What lips my lips have kissed, and where, and why (Sonnet XLIII)
by Edna St. Vincent Millay
What lips my lips have kissed, and where, and why,
I have forgotten, and what arms have lain
Under my head till morning; but the rain
Is full of ghosts tonight, that tap and sigh
Upon the glass and listen for reply,
And in my heart there stirs a quiet pain
For unremembered lads that not again
Will turn to me at midnight with a cry.
Thus in winter stands the lonely tree,
Nor knows what birds have vanished one by one,
Yet knows its boughs more silent than before:
I cannot say what loves have come and gone,
I only know that summer sang in me
A little while, that in me sings no more.
I, Being Born a Woman and Distressed
by Edna St. Vincent Millay
I, being born a woman and distressed
By all the needs and notions of my kind,
Am urged by your propinquity to find
Your person fair, and feel a certain zest
To bear your body’s weight upon my breast:
So subtly is the fume of life designed,
To clarify the pulse and cloud the mind,
And leave me once again undone, possessed.
Think not for this, however, the poor treason
Of my stout blood against my staggering brain,
I shall remember you with love, or season
My scorn with pity, — let me make it plain:
I find this frenzy insufficient reason
For conversation when we meet again.
Edna St. Vincent Millay
by: Ralph Waldo Emerson (1803-1882)
Tis time to be old,
To take in sail:-
The gods of bounds,
Who sets to seas a shore,
Came to me in his fatal rounds,
And said: ”˜No more!
No farther shoot
Thy broad ambitious branches, and thy root.
Fancy departs: no more invent;
Contract thy firmament
To compass of a tent.
There’s not enough for this and that,
Make thy option which of two;
Economize the failing river,
Not the less revere the Giver,
Leave the many and hold the few.
Timely wise accept the terms,
Soften the fall with wary foot;
A little while
Still plan and smile,
And, fault of novel germs,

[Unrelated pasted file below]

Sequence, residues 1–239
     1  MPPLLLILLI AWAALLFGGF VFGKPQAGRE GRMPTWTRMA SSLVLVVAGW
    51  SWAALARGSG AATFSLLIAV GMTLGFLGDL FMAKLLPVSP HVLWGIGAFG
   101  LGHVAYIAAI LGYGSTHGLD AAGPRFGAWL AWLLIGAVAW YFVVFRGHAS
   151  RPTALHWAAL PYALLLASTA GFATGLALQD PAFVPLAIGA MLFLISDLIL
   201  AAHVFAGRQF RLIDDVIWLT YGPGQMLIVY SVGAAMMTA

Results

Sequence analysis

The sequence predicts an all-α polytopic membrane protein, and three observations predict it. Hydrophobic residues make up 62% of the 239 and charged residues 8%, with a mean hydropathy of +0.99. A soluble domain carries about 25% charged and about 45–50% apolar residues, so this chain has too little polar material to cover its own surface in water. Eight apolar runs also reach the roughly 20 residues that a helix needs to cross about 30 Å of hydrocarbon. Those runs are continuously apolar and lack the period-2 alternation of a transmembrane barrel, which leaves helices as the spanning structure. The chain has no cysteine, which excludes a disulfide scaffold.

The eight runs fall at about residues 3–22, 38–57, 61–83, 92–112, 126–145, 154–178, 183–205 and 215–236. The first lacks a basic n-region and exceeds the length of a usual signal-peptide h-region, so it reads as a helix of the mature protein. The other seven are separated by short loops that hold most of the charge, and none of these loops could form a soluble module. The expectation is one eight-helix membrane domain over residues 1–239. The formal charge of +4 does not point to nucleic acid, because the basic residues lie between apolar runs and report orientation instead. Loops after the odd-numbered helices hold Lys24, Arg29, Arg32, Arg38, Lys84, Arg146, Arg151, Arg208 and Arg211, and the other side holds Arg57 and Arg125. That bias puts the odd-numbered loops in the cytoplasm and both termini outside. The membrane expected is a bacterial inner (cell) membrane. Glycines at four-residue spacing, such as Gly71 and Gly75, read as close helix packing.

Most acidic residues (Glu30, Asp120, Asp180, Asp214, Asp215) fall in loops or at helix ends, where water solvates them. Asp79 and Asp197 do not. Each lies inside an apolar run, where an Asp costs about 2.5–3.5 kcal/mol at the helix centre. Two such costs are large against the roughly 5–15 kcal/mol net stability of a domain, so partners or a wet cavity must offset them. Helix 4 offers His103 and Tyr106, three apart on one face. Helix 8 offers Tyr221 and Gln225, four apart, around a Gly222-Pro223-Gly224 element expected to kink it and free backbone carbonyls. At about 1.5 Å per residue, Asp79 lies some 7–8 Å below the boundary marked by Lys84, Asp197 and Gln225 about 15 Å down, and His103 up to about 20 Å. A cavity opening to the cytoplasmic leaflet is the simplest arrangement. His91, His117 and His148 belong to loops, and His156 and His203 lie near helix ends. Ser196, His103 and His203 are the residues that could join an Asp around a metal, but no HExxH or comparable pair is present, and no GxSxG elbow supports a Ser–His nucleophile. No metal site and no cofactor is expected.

Mature the unfallen fruit.
Curse, if thou wilt, thy sires,
Bad husbands of their fires,
Who, when they gave thee breath,
Failed to bequeath
The needful sinew stark as once,
The Baresark marrow to thy bones,
But left a legacy of ebbing veins,
Inconstant heat and nerveless reins,-
Amid the Muses, left thee deaf and dumb,
Amid the gladiators, halt and numb.’
As the bird trims her to the gale,
I trim myself to the storm of time,
I man the rudder, reef the sail,
Obey the voice at eve obeyed at prime:
”˜Lowly faithful, banish fear,
Right onward drive unharmed;
The port, well worth the cruise, is near,
And every wave is charmed.’
by Constantine Cavafey
When you set out for Ithaka, ask that your way be long full of instruction, full of adventure.
The Laistrogonians and the Cyclops, angry Poseidon, You will not meet them as long as your thought is lofty, as long as a rare emotion touch your spirit and your thought.
The Laistrogonians and the Cyclops, angry Poseidon you will not meet them unless you carry them in your Soul, unless your Soul raise them up before you.
Ask that your way be long, at many a summer’s dawn to enter, with what Gratitude ! what Joy! Ports seen for the first time;
To visit the great Phoenician trading centers and to buy good merchandise, mother of pearl and coral, amber and ebony and sensuous perfumes of every kind, sensuous perfumes as lavishly as you can.
Have Ithaka always in your mind but do not in the least hurry the journey.
Better that it last for years so that, when you reach the island, you are old, rich with all you have gained on the way, not expecting Ithaka to give you wealth.
Ithaka gave you the splendid journey. With out her you would not have set out.
She has nothing else to give you.
And if you find her poor, Ithaka has not deceived you .
So wise have you become, of such experience that already you will understand what these Ithakas mean.
#### Now, back to work!